RDA (Resource Description and Access)

RDA is the planned replacement for AACR2 as the predominant content standard in the library community. It is intended to be useful beyond the library community as well. While primarily focused on descriptive metadata, some instructions exist that cover technical, rights, and structural metadata. RDA pushes the boundaries of a content standard, referring to sets of rules as “elements” which makes it closer to a structure standard than AACR2. Different communities will likely find either RDA’s rules aspect or its data element aspect more interesting than the other. The standard is currently in draft; the initial version of RDA is scheduled for release in the summer of 2010. The initial release will have placeholders for several planned chapters[22].

RDF/XML Schema

Resource Description Framework Schema (RDFS) is a set of classes that consist a data-modelling vocabulary for RDF data. It provides mechanisms for describing groups of related resources and the relationships between these resources. These resources are used to determine characteristics of other resources, such as the domains and ranges of properties.[23]

RFDa

RDFa is a W3C Recommendation that adds a set of attribute-level extensions to HTML, XHTML and various XML-based document types for embedding rich metadata within Web documents. The RDF data-model mapping enables its use for embedding RDF subject-predicate-object expressions within XHTML documents. It also enables the extraction of RDF model triples by compliant user agents.[24]

Microformats

A microformat (sometimes abbreviated μF) is a web-based approach to semantic markup which seeks to re-use existing HTML/XHTML tags to convey metadata and other attributes in web pages and other contexts that support (X)HTML such as RSS. This approach allows software to process information intended for end-users (such as contact information, geographic coordinates, calendar events, and similar information) automatically.[25]

Ontology for Media Resource

The Ontology for Media Resource is a W3C Working Draft designed to provide a vocabulary for media resources, especially those on the Web. A “media resource” is defined as either a tangible, retrievable resource or the abstract work represented by a tangible thing. The Ontology defines a relatively small number of core properties in RDF, including properties for basic description, technical information, and user ratings. The specification also provides mappings to a wide variety of related standards[26].

XMP

Extensible Metadata Platform (XMP) is an XML-based schema for storing image metadata. XMP uses W3C's RDF (Resource Description Framework) standard for tagging files. The XMP specification includes predefined schemas with hundreds of properties for common document and image characteristics.

Standards

MPEG-7

MPEG-7 (Multimedia content description interface) is a content description standard for multimedia assets. It aims to "standardise a core set of quantitative measures of audio-visual features, called Descriptors (D), and structures of descriptors and their relationships, called Description Schemes (DS) in MPEG-7 parlance".[27] It also standardises a language to specify the Description Schemes, called the Description Definition Language (DDL). One of the main objectives of MPEG-7 is to facilitate interoperability and globalisation of data resources and also to provide flexibility of data management. MPEG-7 supports multiple ways of structuring annotations and gives the possibility to add domain dependent descriptors, if the default descriptors do not provide enough detail.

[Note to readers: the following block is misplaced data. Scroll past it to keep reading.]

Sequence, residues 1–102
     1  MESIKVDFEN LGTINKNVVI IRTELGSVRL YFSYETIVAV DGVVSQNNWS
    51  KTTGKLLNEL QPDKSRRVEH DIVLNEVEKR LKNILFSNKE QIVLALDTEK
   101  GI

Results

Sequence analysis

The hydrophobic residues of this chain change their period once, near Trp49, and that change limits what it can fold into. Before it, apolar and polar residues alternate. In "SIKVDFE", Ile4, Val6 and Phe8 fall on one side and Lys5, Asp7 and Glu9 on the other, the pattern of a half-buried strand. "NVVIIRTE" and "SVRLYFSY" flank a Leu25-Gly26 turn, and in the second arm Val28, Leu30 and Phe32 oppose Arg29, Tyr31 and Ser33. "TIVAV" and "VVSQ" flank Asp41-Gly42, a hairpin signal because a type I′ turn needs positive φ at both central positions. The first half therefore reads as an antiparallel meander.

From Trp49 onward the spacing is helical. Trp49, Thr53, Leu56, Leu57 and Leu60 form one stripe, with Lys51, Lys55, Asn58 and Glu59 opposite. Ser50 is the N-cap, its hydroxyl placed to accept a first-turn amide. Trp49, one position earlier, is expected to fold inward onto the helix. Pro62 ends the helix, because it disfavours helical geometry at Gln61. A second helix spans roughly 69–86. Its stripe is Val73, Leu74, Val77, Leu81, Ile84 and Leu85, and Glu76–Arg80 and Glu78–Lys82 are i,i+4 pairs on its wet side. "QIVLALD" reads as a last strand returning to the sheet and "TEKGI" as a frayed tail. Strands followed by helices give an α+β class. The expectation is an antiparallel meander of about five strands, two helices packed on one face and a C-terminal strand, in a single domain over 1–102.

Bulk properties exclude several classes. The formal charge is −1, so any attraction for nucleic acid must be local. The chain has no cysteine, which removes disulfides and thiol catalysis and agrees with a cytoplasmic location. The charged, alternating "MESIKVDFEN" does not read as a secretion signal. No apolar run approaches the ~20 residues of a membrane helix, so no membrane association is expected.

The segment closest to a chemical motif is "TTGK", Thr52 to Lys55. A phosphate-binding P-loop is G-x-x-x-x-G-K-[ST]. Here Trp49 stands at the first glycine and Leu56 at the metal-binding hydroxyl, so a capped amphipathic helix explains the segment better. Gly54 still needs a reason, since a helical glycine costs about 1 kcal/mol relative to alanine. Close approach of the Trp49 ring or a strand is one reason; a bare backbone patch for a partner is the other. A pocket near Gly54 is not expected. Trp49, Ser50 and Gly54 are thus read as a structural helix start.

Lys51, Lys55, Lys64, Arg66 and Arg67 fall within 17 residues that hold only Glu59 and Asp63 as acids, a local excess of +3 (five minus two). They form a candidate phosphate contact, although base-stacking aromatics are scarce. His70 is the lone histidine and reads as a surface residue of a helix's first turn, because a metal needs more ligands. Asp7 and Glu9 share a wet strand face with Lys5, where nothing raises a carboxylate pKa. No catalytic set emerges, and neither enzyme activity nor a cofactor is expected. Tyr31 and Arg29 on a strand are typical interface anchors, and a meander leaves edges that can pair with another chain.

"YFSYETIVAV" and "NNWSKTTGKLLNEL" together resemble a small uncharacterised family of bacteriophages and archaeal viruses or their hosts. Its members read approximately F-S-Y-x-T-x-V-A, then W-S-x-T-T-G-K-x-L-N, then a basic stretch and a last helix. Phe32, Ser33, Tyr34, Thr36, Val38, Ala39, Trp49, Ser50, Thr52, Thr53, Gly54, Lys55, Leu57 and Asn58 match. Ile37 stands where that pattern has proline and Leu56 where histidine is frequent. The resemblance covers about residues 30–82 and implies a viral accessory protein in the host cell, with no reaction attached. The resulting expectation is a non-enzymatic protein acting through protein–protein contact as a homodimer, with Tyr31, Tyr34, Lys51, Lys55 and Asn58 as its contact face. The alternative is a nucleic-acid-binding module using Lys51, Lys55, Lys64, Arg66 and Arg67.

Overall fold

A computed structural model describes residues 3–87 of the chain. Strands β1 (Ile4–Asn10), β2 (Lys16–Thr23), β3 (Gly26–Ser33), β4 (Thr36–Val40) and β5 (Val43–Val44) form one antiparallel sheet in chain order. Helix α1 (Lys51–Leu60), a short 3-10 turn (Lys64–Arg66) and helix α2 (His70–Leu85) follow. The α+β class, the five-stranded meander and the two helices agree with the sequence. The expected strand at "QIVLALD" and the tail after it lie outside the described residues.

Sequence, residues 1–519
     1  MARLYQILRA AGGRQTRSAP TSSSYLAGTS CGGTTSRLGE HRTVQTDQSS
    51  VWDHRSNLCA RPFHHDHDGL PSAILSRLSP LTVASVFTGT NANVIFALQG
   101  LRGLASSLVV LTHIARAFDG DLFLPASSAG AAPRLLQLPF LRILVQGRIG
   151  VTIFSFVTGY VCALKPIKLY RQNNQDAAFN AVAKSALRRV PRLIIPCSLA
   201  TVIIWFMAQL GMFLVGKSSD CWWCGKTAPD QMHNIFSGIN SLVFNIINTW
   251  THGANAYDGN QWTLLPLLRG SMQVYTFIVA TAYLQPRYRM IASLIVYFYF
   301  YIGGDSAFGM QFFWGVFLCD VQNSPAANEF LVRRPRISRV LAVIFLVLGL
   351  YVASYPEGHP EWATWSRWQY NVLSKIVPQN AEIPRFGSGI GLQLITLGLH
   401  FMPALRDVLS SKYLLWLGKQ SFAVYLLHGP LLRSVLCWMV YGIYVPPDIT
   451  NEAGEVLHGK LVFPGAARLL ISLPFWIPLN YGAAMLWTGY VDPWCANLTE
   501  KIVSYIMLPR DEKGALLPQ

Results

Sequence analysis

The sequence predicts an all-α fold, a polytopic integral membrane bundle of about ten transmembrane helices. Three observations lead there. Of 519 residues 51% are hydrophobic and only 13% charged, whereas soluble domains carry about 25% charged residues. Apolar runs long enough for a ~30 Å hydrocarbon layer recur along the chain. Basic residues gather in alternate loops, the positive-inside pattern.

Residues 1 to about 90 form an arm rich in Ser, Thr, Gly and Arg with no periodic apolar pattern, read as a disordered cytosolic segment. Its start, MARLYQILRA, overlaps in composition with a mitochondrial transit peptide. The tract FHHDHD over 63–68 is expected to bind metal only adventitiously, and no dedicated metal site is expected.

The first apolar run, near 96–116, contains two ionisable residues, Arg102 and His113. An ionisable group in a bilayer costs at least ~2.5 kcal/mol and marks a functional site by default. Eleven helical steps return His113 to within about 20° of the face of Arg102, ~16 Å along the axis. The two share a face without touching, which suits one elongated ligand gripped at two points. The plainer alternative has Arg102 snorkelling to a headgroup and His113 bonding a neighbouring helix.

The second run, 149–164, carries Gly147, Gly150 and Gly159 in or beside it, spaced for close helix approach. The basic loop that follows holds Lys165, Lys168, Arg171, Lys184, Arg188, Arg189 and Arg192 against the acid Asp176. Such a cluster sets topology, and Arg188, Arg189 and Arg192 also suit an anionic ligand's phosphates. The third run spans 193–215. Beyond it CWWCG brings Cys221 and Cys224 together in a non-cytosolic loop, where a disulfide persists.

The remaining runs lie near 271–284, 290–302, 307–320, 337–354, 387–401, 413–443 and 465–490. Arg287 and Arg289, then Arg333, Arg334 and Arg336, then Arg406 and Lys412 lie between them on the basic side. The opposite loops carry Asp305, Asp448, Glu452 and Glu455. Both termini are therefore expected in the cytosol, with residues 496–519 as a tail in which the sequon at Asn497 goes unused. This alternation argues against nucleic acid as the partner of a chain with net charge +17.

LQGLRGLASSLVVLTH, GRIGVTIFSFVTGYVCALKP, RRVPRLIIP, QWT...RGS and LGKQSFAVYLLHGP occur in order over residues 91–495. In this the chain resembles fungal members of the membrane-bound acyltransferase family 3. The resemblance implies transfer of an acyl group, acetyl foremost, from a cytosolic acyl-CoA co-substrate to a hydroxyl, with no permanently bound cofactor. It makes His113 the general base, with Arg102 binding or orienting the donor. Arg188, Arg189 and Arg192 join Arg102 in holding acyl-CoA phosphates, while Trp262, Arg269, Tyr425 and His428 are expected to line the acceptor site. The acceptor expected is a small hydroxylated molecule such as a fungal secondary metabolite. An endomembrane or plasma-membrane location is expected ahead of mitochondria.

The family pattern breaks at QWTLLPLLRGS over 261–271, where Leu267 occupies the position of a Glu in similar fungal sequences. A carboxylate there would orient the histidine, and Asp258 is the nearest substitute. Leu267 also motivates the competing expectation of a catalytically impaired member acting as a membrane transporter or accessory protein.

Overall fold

MPEG-21

MPEG-21 is a standard, created by Moving Picture Experts Group that "aims at defining a normative open framework for multimedia delivery and consumption for use by all the players in the delivery and consumption chain". Two essential concepts of this standard are[28]:

  • the definition of a fundamental unit of distribution and transaction (the Digital Item)
  • the concept of Users interacting with Digital Items

VRA

"The VRA Core is a data standard for the description of works of visual culture as well as the images that document them".[29] As this standard is used mostly to describe visual representations of physical objects and in order to avoid confusion, a clear distinction between annotation records about the object and its digital representation has been made. What is more, while in process of annotation, VRA suggests to use terms of other vocabularies, such as Art and Architecture Thesaurus (AAT)[30].

EXIF

Exchangeable Image File (EXIF) is a format standard for images, sound and auxiliary tags used by digital cameras and smartphones, scanners and other devices that handle image and sound files recorded by digital cameras. The metadata tags defined in the Exif standard cover a broad spectrum:[31]

  • Date and time information
  • Camera settings (camera model and manufacturer, orientation (rotation), aperture, shutter speed, focal length, metering mode, and ISO speed information)
  • A thumbnail for previewing the picture on the camera's LCD screen, in file managers, or in photo manipulation software
  • Descriptions
  • Copyright information
  • Location information

IPTC IIM

Information Interchange Model (IIM) is a metadata standard for text, images and other media types, created by the International Press Telecommunications Council (IPTC) for exchanging news. The full IIM specification includes a complex data structure and a set of metadata definitions. IIM's file structure technology has largely been overtaken by the Extensible Metadata Platform (XMP), which is much more flexible. IPTC and Adobe developed together the IPTC Core Schema for XMP, which is actually a revision of IIM properties to XMP. The IPTC core standard includes 32 metadata elements. [32]